One thing that many people do not know about the controlling perfectionist is that they are just as critical with themselves as they are with others. Thus, they are their own worst enemy. Arguing with them or pointing out their flaws only serves to validate their concerns regarding their own shortcomings thereby making the argument escalate as they argue vehemently to defend themselves.
The thing to keep in mind is the fact that these individuals have a distorted view of human perfectionism. They set the standards way too high, far above what any human could achieve. Thus they feel they are always falling short, yet they keep striving. Worse yet, they inflict the same ridiculously high standards on others as well.
So what can you do if you’re involved with one?
In our latest book, Impossible to Please: Dealing with Perfectionistic Coworkers, Controlling Spouses and Other Incredibly Critical People, (Lavender and Cavaiola, 2012), we offer many suggestions on how to manage the controlling perfectionist in your life. Here are some suggestions:
First of all, you need to recognize that you are not this defect laden person who they see you as. He is not some personality expert in human behaviors who is qualified to proclaim which of your personality traits and behaviors are acceptable and which isn’t. Sure, it’s difficult to keep your self-esteem when the person you love is hammering away at you night and day. But this is no place for the faint hearted, so stand your ground and lose the idea that they are in any position to deem you worthy or not. Take a hard look at yourself and ask yourself the question “am I relying too much on this individual for my self-esteem? Am I an approval seeking people pleaser?” If you answer that question yes you will need to address your own issues before you go on to interact effectively with your controlling perfectionist.
Secondly keep in mind that their controlling and perfectionistic nature is not your responsibility. You didn’t cause it. Moreover, you can’t change them. And don’t even think about curing them; you won’t. Forget about trying to give them a “personality overhaul”. Although these individuals can do very well in psychotherapy, therapeutic improvements usually take time and should best be handled by professionals well-trained in the treatment of personality disorders.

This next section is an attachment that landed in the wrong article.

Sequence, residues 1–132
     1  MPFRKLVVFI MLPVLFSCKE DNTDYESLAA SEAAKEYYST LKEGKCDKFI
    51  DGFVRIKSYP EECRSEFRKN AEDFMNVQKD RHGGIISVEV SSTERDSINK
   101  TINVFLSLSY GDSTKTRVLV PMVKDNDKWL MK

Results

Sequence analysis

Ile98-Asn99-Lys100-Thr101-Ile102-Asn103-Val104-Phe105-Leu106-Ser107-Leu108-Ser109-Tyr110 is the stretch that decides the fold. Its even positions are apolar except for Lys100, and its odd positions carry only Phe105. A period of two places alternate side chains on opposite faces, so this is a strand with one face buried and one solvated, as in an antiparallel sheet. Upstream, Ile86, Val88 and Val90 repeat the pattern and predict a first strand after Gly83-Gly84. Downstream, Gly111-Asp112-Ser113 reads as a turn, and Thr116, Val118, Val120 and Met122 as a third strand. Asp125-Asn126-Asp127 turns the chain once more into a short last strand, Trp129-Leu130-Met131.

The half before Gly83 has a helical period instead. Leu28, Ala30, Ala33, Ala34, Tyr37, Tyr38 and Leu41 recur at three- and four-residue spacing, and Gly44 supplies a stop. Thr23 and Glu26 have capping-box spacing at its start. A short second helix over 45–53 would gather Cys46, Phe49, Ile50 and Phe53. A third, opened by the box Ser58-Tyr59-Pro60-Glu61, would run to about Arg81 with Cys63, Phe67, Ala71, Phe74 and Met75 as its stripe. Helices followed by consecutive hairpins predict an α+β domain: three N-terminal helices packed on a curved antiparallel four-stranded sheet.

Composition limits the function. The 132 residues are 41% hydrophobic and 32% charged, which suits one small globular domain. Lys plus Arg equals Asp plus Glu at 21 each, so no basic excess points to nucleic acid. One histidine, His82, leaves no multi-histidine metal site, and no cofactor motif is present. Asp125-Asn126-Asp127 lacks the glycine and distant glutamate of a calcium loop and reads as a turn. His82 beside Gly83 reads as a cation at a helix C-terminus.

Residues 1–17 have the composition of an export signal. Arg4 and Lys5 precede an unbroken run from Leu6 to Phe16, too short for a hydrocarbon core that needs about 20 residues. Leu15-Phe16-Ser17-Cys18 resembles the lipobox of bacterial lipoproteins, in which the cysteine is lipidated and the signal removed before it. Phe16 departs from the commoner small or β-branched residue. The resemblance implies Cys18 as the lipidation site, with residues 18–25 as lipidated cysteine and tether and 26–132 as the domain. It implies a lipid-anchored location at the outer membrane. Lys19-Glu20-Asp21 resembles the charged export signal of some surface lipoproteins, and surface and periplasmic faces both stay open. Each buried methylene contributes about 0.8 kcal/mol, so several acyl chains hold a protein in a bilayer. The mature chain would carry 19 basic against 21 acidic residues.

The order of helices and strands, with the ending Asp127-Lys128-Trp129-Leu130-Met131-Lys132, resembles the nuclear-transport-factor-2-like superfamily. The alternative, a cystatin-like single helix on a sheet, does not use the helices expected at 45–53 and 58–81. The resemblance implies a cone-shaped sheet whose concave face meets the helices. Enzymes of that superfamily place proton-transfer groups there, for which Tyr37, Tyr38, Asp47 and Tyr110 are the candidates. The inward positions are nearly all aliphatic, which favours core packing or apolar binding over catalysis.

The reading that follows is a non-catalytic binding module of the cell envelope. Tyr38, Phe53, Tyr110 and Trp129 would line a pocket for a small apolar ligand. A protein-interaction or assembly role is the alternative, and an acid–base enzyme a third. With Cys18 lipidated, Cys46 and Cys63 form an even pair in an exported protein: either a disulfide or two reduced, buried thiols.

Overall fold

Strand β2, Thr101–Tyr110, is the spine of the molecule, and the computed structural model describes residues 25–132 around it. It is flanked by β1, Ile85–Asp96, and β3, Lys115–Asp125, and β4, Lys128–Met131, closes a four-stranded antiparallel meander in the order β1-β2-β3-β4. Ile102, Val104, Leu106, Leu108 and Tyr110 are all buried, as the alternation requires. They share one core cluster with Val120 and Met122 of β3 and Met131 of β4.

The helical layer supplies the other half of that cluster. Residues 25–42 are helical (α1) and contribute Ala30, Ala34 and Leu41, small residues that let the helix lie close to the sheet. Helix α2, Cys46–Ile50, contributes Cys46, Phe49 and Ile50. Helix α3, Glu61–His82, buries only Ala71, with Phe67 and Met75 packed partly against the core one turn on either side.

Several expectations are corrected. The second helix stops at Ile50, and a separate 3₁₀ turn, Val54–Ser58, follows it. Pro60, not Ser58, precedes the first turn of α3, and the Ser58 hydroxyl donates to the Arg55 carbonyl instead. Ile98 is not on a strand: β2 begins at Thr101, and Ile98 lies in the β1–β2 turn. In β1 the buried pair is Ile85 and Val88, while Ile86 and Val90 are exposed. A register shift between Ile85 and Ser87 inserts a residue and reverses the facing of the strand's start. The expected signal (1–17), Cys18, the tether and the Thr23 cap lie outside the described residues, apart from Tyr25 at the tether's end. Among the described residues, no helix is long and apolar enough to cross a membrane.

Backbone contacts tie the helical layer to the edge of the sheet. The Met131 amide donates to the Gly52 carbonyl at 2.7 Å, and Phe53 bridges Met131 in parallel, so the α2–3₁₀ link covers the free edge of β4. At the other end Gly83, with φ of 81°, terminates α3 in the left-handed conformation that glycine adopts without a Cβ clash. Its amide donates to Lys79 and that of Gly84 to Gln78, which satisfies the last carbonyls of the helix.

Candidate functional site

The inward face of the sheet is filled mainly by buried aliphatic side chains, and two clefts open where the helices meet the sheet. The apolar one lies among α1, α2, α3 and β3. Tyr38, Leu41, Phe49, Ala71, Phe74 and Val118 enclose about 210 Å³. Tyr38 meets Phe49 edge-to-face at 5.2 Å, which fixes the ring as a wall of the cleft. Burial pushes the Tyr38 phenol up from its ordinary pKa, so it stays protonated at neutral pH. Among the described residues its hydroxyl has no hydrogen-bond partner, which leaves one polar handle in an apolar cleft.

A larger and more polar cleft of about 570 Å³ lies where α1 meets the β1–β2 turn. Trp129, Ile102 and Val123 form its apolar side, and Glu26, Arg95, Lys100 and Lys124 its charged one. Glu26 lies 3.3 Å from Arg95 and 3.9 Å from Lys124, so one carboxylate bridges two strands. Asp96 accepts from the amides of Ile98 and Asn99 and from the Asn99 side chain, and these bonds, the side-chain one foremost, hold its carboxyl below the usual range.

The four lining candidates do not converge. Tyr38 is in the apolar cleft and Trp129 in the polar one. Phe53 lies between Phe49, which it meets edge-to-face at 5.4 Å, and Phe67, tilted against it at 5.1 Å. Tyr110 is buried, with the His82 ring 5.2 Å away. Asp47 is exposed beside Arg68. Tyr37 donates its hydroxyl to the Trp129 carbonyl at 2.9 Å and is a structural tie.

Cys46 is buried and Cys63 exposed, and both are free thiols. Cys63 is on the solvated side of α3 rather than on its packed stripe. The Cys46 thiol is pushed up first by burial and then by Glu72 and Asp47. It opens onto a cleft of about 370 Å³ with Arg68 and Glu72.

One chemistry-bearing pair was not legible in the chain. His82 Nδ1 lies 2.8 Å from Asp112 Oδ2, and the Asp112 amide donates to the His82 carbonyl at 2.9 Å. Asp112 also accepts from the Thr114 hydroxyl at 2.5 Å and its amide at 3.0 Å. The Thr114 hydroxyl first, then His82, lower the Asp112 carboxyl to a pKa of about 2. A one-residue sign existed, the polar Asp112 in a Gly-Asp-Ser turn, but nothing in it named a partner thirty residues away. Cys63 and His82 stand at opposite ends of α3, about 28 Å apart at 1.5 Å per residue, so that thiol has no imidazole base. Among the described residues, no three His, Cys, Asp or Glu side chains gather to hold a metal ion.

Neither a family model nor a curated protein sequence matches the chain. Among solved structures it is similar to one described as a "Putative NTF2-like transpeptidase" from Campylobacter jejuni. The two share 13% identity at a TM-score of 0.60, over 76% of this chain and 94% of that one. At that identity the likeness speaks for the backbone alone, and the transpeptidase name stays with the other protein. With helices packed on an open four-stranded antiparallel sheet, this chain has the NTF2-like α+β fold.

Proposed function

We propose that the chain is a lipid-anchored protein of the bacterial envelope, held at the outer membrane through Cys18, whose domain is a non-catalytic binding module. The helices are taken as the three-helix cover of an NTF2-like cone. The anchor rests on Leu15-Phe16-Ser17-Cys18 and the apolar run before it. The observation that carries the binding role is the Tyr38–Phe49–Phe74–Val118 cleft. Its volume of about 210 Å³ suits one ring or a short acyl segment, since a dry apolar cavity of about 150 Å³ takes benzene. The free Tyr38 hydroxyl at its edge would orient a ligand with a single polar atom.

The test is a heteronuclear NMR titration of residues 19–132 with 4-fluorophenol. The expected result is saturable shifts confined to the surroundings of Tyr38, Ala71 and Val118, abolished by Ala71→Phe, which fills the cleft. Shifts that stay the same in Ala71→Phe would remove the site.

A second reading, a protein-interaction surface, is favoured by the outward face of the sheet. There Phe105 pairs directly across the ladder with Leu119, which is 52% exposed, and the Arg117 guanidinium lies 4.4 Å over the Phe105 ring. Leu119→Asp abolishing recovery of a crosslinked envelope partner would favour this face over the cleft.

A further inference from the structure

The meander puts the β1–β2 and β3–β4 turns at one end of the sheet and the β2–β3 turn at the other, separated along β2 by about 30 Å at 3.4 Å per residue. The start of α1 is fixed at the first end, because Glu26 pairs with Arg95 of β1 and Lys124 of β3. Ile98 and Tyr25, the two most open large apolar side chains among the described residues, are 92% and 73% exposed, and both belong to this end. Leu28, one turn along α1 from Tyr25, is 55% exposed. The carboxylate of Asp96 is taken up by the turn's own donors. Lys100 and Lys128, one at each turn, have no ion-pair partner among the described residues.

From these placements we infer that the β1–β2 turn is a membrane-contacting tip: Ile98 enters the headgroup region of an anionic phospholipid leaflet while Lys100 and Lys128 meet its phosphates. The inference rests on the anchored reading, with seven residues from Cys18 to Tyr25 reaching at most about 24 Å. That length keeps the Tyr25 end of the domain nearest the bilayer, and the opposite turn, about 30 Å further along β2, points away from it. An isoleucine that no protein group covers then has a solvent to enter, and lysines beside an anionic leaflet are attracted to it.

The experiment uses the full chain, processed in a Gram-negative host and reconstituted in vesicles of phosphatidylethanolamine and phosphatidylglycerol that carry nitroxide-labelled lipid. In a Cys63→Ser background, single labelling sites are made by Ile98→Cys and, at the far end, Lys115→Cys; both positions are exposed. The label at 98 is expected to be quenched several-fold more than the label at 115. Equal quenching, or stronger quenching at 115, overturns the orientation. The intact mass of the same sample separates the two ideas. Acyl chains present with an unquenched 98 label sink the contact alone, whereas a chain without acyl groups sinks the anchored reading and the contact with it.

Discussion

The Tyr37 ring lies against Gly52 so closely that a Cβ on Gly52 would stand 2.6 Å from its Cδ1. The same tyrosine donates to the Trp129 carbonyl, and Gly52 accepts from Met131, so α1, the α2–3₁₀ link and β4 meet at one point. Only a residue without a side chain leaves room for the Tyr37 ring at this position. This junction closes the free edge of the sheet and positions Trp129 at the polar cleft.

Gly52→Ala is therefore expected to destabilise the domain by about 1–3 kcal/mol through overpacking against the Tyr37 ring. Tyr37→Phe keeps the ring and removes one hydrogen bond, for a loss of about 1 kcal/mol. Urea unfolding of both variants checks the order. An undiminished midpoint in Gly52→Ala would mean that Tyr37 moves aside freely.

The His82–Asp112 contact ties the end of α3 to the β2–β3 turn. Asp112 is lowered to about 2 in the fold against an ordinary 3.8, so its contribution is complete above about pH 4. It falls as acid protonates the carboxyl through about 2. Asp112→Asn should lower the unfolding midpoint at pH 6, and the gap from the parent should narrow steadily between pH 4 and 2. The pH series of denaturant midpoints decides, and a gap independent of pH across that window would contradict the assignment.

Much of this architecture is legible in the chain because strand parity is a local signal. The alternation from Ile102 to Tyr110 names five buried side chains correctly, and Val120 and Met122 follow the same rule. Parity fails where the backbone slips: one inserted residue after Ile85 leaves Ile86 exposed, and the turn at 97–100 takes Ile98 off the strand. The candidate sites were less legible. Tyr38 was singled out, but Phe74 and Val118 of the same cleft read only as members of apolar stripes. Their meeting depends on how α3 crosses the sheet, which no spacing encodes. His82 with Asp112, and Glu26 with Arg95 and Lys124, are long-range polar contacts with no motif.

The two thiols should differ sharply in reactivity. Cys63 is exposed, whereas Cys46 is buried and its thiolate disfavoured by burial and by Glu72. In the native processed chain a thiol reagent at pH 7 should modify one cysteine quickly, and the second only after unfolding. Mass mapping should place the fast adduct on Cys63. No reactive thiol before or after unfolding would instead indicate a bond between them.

Also, bear in mind that the controlling perfectionist thinks they’re normal and any attempt at telling them that they are critical will usually go nowhere. You’ll find they usually respond by making such remarks as “listen, things are either right or they’re wrong. Do you have something against doing things right? Isn’t the world screwed up enough without one more person screwing it up even more?”
Look for teachable moments, such as when you’re controlling perfectionist expresses genuine emotion or gives up some of their control. In other words, when he expresses his true human nature with all its frailties and blemishes and lets down his guard momentarily. Express your appreciation but then let it go. Don’t talk it to death with remarks such as “Remember when you let me pick the vacation? You had fun right? If you did it before why don’t you do it again this time?” Recognize the fact that they’re letting down their guard and being human; that’s right, truly human and not some distorted perfectionistic machine that they sometimes think they are. Just be accepting. Respond nonverbally, for example by squeezing their hand or simply kissing them on the cheek.
These will all go a long way in helping you to transform your relationship.